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(From the January-February 2004 issue of The Wildlife Volunteer)

Michigan's cougar controversy took a dramatic turn this fall. The National Park Service erected signs at trailheads at Sleeping Bear Dunes National Lakeshore in Benzie and Leelanau Counties, advising users about cougars there. This was the first time a government agency has acknowledged the presence of cougars in Michigan.

The Wildlife Conservancy conducted cougar research in the Lakeshore in 2002 and 2003 under a permit from the Park Service. Dr. Patrick Rusz, Director of Wildlife Programs at the Wildlife Conservancy delivered a paper summarizing initial findings at a Park Service conference in Wisconsin. The Michigan Wildlife Conservancy has documented cougar tracks, droppings, and cougar-killed deer in the Lakeshore over the past three years, and a Conservancy worker saw a cougar during investigations in the Park.

Stating "You Are A Visitor In Cougar Habitat," the new signs emphasize some important do's and don'ts if one encounters a cougar. The Park Service took this action after a well-respected volunteer had a close encounter with a cougar.

Veteran outdoor writer, Eric Sharp, wrote of the close encounter in the November 20, 2003 issue of the Detroit Free Press, noting (as excerpted here):

"The Park Service was prompted to erect the signs by the fascinating and somewhat-frightening experience of Sleeping Bear Dunes volunteer Eleanor Comings, who for 20 nervous minutes was closely shadowed on a remote trail by a big cougar.

"It was September 28, and Comings, who lives in nearby Frankfort, was walking a hilly section of Old Indian Trail when she heard what sounded like chirps from a bird she couldn't identify. The sounds moved with her, and she stopped and looked back into the woods for the bird, not realizing that cougars make noises often described as chirps or tweets.

"When she didn't see it, she turned around to resume her walk, and crossing the trail two to three feet ahead was a cougar she estimated at seven to nine feet long, including a four-foot tail as thick as a man's wrist.

"'If I hadn't stopped, I would have tripped over it,' Comings said, 'It went to the other side of the trail and stood there looking at me' from about five feet away.

"'For a few minutes, I just froze. I couldn't believe what was happening.' Comings radioed park headquarters.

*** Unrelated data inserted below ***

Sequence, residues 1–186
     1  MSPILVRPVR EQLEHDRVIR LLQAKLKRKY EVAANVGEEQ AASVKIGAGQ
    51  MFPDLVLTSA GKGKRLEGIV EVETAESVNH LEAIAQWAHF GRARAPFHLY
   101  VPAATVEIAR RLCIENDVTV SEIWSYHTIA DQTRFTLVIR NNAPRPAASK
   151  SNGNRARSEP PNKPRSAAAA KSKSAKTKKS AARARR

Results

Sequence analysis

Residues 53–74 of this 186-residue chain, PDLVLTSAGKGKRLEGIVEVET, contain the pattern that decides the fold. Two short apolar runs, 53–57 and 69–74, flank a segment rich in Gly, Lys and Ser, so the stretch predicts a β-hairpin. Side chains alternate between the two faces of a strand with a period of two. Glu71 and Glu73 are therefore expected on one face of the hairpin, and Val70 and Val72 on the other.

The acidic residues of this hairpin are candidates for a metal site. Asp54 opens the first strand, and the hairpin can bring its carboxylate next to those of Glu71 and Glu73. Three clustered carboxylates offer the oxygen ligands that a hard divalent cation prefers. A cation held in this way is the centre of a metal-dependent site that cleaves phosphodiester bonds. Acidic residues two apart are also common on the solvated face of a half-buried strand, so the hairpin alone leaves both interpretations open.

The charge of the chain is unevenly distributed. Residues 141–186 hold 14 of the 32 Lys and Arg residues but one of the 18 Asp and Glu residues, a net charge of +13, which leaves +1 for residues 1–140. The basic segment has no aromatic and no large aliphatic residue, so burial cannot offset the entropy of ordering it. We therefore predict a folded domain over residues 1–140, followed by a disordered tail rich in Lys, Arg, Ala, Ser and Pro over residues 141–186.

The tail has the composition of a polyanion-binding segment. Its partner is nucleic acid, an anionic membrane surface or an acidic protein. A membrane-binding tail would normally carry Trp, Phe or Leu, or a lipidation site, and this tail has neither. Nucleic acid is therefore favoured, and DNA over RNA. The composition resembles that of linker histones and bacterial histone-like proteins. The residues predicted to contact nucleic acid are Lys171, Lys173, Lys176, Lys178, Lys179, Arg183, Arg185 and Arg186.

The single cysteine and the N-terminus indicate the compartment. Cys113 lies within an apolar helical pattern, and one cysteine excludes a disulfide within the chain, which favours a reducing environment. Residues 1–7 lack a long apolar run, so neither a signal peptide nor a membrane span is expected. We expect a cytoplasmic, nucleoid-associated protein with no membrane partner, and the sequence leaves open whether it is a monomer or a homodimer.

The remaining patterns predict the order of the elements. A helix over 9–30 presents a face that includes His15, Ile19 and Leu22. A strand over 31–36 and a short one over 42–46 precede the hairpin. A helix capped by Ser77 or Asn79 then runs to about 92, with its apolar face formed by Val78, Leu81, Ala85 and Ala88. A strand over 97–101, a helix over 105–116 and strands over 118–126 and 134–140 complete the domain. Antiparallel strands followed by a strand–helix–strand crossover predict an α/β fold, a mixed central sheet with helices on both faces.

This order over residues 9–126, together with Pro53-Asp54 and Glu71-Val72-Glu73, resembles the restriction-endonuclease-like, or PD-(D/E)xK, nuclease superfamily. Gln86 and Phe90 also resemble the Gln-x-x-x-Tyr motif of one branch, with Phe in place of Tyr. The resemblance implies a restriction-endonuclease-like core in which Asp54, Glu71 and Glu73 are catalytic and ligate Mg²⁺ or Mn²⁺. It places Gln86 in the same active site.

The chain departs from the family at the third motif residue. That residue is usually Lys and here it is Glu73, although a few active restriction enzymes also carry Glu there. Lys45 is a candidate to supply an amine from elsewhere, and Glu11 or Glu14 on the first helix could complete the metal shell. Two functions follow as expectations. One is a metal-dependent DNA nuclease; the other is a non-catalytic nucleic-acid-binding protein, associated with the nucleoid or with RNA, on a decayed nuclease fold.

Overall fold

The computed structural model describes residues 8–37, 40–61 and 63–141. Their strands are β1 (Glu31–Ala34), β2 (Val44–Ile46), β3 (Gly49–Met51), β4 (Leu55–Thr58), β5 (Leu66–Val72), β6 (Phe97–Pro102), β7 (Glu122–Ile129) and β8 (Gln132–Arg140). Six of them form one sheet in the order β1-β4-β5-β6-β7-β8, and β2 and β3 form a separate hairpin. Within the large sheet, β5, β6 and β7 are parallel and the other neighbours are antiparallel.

"'They sent people to meet me, but I knew it would take about 30 minutes for them to get there,' she said. 'So I started to walk slowly. It stayed just off the trail and walked alongside, keeping a distance of about three to five feet from me. It obviously was interested, but it didn't seem aggressive. The squirrels went crazy. I have never heard them scolding like that.' The cat walked alongside for about 20 minutes before disappearing into the woods, she said.

"'We have a lot of deer here at Sleeping Bear, and this guy looked very well fed,' Comings said. 'It had a dark mark at the end of its tail and few spots on the body near the base of its tail. It was beautiful, so long and muscular…When it moved across in front of me, I thought its body would never end.'"

"Steve Yancho, Sleeping Bear's chief of natural resources, said visitors have reported cougar sightings for years, but park officials were skeptical. The state Department of Natural Resources has insisted that wild cougar don't live in Michigan.

"'We'd have people tell us that bears were marauding a campsite, and when we'd send someone down there they'd find raccoons, so we tended to be skeptical about reports from people who don't know much about wildlife,' Yancho said. 'But the cougar sightings kept getting more credible. We even had biologists who were doing work for us report they'd seen cougars. That was pretty hard to ignore.'

"Coming's experience convinced park officials that 'there definitely was something out there,' Yancho said, and signs were erected at trailheads and visitor centers 'to raise the awareness of people who visit the park….'"